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US shipping arms to Iraqi Kurds: State Department

The US is 'rapidly' arming Iraqi Kurds after a request for support in their fight against Islamic State militants
Iraqi Kurdish forces take position in the Iraqi village of Bashir near Kirkuk (AFP)

The United States has begun urgently shipping arms and ammunition to the Iraqi Kurdish forces battling an advance by extremist Islamic State militants, a State Department spokeswoman said Monday.

"We're working with the government of Iraq to increasingly and very quickly get urgently needed arms to the Kurds," Marie Harf told CNN.

The European Union has also called an emergency meeting for Tuesday to discuss Iraq, following a letter from French Foreign Minister Laurent Fabius to EU foreign affairs chief Catherine Ashton urging the 28-member bloc to help Iraq's Kurds.
 
Fabius, who has just returned from a trip to Iraq where he met Kurdish president Massud Barzani, said Barzani had stressed "the urgent need for weapons and ammunition that would allow them to confront and beat the terrorist group Islamic State".
 

Security sources said Monday that IS fighters had defeated Kurdish troops in the flashpoint Iraqi town of Jalawla, killing at least 10 in a fierce two-day battle.

Kurdish forces rescued more than 10,000 Iraqi Yazidis from Mount Sinjar in northern Iraq where they have been trapped for the past week over the weekend.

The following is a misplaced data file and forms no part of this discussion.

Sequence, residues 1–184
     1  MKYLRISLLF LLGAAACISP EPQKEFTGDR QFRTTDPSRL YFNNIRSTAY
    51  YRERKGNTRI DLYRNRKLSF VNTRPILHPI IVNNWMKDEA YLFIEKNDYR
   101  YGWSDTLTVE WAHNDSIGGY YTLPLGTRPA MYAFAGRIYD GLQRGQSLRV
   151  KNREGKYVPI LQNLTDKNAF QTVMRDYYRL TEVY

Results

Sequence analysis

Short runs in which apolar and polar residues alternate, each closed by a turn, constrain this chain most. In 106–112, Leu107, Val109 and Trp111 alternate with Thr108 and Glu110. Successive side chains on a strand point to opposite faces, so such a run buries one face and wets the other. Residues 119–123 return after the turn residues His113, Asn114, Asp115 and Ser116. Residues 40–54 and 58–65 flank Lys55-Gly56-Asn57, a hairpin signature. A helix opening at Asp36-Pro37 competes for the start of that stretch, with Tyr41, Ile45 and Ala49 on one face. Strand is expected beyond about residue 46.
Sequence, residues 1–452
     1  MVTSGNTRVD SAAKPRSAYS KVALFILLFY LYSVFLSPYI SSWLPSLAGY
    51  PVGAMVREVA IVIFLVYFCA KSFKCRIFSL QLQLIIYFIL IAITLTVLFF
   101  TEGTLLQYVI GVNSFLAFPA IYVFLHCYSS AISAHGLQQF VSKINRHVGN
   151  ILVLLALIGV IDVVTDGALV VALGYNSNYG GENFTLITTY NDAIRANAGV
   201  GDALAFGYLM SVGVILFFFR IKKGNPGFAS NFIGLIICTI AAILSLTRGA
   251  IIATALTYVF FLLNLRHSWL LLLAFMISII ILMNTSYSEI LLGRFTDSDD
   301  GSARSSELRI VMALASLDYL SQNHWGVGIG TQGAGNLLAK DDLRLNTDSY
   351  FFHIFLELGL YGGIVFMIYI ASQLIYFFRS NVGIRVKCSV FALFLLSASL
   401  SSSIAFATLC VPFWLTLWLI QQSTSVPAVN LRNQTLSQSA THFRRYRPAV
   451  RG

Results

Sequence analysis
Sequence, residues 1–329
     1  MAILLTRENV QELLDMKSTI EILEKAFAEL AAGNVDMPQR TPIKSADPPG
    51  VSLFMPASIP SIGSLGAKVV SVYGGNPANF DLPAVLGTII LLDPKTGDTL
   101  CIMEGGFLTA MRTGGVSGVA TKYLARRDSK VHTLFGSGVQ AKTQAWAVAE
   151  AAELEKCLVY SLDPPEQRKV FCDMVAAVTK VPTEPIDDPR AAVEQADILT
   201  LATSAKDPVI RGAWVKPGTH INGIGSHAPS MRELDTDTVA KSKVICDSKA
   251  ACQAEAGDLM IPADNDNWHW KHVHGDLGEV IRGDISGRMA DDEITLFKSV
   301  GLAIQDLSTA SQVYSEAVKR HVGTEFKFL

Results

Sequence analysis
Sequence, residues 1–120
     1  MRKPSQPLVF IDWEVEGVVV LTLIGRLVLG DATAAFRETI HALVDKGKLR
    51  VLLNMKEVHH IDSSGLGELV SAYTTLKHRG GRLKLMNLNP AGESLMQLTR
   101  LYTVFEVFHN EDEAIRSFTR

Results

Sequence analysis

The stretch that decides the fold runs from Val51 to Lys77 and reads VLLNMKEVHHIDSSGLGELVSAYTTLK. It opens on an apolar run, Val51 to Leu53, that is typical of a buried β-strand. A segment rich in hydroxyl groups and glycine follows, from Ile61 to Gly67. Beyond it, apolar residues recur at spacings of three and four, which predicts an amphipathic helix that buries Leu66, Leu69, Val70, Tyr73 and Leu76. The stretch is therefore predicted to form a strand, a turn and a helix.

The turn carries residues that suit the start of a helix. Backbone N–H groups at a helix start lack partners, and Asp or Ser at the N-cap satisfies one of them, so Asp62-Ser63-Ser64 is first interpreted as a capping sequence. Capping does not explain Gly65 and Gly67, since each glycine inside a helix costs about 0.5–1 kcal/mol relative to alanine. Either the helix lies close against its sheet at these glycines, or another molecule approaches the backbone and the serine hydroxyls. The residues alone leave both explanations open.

France and Britain have pledged support for a US-led operation helping Iraqi civilians - many of them from the Yazidi minority - who are fleeing a murderous advance by IS militants.

While all three Western countries are providing emergency aid for the besieged civilians, the United States has also been conducting air strikes on IS positions.

Earlier Monday, Prime Minister Nuri al-Maliki said he would sue the country's president, Kurdish veteran Fuad Masum on Monday, saying he had violated the constitution twice, essentially by failing to designate Maliki as the prime minister.

"Today I will file a formal complaint to the federal court against the president," Maliki said in an address broadcast on the stroke of midnight on state television.

Kerry responded, throwing his weight behind Iraq's newly-elected Masum to help fight the militants and warned Maliki not to stir up trouble. 

Many Iraqis see Maliki as partly responsible for the recent conflict in northern Iraq, saying he has institutionalised sectarianism.